Thousands of the UK's junior doctors — medical practitioners who work during their postgraduate training — took to the streets in London on Saturday to protest against new contracts that they say will push them past the breaking point.
Celebrities, including, fashion designer Vivienne Westwood and actress Vanessa Redgrave, were joined by nurses, cancer survivors, and a medical negligence lawyer at the protest. Healthcare workers say proposed pay cuts and longer hours will result in junior doctors making more mistakes while they care for patients.
The march began with a rally in Waterloo Place in St. James, before participants walked to Downing Street and delivered a scroll with hundreds of signatures to the Prime Minister David Cameron's residence. The demonstrators carried colored placards for those who couldn't be in attendance, with blue representing doctors who were working, and red symbolizing those who had emigrated in search of better conditions.
"Never before in my medical career have I been aware of such unity among doctors, nurses, and every other healthcare professional in this country," Lauren Gavaghan said from the stage. "We are not just doctors fighting for doctors, we are doctors who are patients. We are doctors who have families that use the NHS. We will give birth, we will die, we will all need somebody."
When Redgrave took the stage, she said doctors and nurses at West London's Hammersmith Hospital saved her life last April. "Don't give in because you'll win," she said.
Westwood, the 74-year-old fashion star, designed a t-shirt for the campaign, which Redgrave and many other demonstrators were wearing.
"You do have the support of public opinion," she told the crowd. "We need more doctors, not less doctors. Doctors who get enough sleep so they can give their best care to patients."
Another speaker said the British government was trying to turn the National Health Service (NHS) into a private, American-style system, something that would have repercussions for decades and cause people to be denied access to care.
The NHS choir was also in attendance, singing the song that was a Christmas hit last year.
An oncologist and member of the choir who gave her name as G Anandappa told VICE News that morale among doctors is low at the moment.
"It's being enforced on us," said Anandappa, who works at London Royal Marsden, a hospital that specializes in cancer treatment. "We're working really hard, working beyond our scheduled times anyway, going in at weekends, really trying to keep things running, and if they ask us to do extra work on top of that I think that would break us."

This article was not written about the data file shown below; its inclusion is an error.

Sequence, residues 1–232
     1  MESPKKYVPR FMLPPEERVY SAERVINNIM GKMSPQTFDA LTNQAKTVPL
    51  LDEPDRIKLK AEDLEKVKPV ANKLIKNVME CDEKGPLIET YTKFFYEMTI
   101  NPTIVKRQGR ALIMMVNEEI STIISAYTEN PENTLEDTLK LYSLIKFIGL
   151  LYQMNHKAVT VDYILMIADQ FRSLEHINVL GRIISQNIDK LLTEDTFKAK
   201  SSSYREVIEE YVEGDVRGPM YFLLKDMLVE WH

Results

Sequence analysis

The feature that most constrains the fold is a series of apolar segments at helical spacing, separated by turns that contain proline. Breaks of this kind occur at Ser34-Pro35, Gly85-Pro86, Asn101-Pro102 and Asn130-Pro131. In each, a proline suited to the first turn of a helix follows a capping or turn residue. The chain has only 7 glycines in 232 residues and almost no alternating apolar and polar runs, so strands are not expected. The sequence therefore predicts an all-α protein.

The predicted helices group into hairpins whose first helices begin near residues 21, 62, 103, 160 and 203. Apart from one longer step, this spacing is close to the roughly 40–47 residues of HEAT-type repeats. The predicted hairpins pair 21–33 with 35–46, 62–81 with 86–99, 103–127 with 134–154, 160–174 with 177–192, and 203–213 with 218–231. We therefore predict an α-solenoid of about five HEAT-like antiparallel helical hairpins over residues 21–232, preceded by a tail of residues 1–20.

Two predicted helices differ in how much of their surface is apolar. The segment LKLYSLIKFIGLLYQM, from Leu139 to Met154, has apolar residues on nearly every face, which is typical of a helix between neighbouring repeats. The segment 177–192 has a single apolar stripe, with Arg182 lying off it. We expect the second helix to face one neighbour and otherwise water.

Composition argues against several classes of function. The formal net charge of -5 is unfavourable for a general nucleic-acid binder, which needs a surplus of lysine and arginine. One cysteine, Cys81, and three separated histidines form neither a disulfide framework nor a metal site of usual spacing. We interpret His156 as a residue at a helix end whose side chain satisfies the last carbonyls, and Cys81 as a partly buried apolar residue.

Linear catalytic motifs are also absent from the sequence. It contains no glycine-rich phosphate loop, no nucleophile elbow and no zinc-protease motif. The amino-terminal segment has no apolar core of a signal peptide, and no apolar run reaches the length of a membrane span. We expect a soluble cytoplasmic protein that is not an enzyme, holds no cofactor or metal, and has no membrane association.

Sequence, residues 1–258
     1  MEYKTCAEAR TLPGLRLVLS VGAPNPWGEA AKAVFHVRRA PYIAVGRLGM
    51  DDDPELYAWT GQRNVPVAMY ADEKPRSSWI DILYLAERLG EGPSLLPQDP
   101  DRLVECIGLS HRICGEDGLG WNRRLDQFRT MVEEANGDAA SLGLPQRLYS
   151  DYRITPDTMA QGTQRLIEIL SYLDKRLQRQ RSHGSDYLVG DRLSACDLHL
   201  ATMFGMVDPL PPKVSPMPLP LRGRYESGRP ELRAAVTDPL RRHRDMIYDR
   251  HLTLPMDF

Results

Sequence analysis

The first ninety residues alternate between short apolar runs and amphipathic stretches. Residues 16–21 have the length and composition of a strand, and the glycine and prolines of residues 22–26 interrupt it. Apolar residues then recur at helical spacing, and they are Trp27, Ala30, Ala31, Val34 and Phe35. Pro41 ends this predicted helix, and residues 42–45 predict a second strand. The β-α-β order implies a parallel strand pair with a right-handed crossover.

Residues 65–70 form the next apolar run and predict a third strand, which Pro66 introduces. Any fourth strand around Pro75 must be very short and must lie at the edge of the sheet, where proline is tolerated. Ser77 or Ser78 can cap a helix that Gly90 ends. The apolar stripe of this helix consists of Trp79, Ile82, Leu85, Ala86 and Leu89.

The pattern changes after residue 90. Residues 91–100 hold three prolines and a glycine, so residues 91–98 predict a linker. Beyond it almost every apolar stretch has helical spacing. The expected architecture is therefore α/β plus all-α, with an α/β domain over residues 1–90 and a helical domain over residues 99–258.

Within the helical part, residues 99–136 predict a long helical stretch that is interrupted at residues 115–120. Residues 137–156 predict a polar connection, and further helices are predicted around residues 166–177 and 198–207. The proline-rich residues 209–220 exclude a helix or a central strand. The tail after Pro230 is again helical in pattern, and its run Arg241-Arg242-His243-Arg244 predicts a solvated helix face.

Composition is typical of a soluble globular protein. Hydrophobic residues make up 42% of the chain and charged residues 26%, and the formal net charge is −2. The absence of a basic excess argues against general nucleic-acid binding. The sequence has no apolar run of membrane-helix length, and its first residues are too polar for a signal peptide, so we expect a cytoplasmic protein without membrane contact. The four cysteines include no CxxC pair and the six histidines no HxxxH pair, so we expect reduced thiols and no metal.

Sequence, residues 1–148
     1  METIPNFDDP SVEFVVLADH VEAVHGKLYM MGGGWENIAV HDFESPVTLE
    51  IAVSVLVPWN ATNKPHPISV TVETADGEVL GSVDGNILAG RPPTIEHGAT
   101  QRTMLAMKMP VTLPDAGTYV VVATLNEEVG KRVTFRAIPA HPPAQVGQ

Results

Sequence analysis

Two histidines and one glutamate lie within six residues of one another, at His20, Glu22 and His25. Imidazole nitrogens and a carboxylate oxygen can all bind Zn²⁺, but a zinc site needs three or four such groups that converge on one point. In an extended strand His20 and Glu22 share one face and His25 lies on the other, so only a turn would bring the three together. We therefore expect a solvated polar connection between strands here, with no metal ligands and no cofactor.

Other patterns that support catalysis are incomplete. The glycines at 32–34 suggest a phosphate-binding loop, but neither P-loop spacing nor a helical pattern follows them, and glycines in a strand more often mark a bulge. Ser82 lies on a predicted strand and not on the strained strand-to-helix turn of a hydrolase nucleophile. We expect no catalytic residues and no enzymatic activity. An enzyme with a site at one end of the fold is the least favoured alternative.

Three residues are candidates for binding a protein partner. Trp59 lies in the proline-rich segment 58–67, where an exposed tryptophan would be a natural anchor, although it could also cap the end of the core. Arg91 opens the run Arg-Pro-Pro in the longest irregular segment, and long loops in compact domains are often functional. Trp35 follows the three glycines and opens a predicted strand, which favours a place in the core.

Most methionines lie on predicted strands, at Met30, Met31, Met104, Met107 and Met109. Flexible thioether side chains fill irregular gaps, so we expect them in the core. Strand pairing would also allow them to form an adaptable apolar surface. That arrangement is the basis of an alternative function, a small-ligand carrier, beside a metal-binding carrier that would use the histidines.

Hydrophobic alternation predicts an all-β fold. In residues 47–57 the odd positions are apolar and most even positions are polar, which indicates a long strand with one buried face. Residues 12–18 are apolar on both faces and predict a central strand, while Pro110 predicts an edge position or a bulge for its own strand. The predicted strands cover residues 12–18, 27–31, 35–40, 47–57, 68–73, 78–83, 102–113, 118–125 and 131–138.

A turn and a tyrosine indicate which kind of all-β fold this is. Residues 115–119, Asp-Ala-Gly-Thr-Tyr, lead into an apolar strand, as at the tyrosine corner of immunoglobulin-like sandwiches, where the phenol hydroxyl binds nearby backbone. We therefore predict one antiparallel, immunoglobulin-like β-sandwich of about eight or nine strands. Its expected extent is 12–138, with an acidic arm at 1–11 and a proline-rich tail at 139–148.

She said doctors feel like they've been left out of the decision-making process, though she added that there's still ample opportunity to speak to them about the changes. "We're part of the solution and somehow we've been made the problem," Anandappa said.
Charline Roslee, a 37-year-old junior doctor from Basingstoke, said she had already worked 70 hours this week. She asked: "Is it fair to be providing acute lifesaving care to patients when we're tired?"
Roslee said many young physicians in her field of orthopedics have emigrated because of the conditions under which they are expected to work. "My juniors [tell] me they're leaving, and I can't blame them," she said.
Roslee explained that she became a doctor because she realized the importance of healthcare workers while she was sick as a child. Financially, though, she says she may be forced to leave the UK, and that her life outside work has suffered from the strains of her workplace. "My family think I'm mad for keeping going," she said.
A lot of the ire was directed at British Health Secretary Jeremy Hunt, with the marchers chanting "Hunt must go," and "Trust us, not Hunt."
The protest Saturday was the third of its kind, and a 24-hour walkout is still planned for this Wednesday, when only emergency treatment will be provided in hospitals across the UK.
Follow Sally Hayden on Twitter: @sallyhayd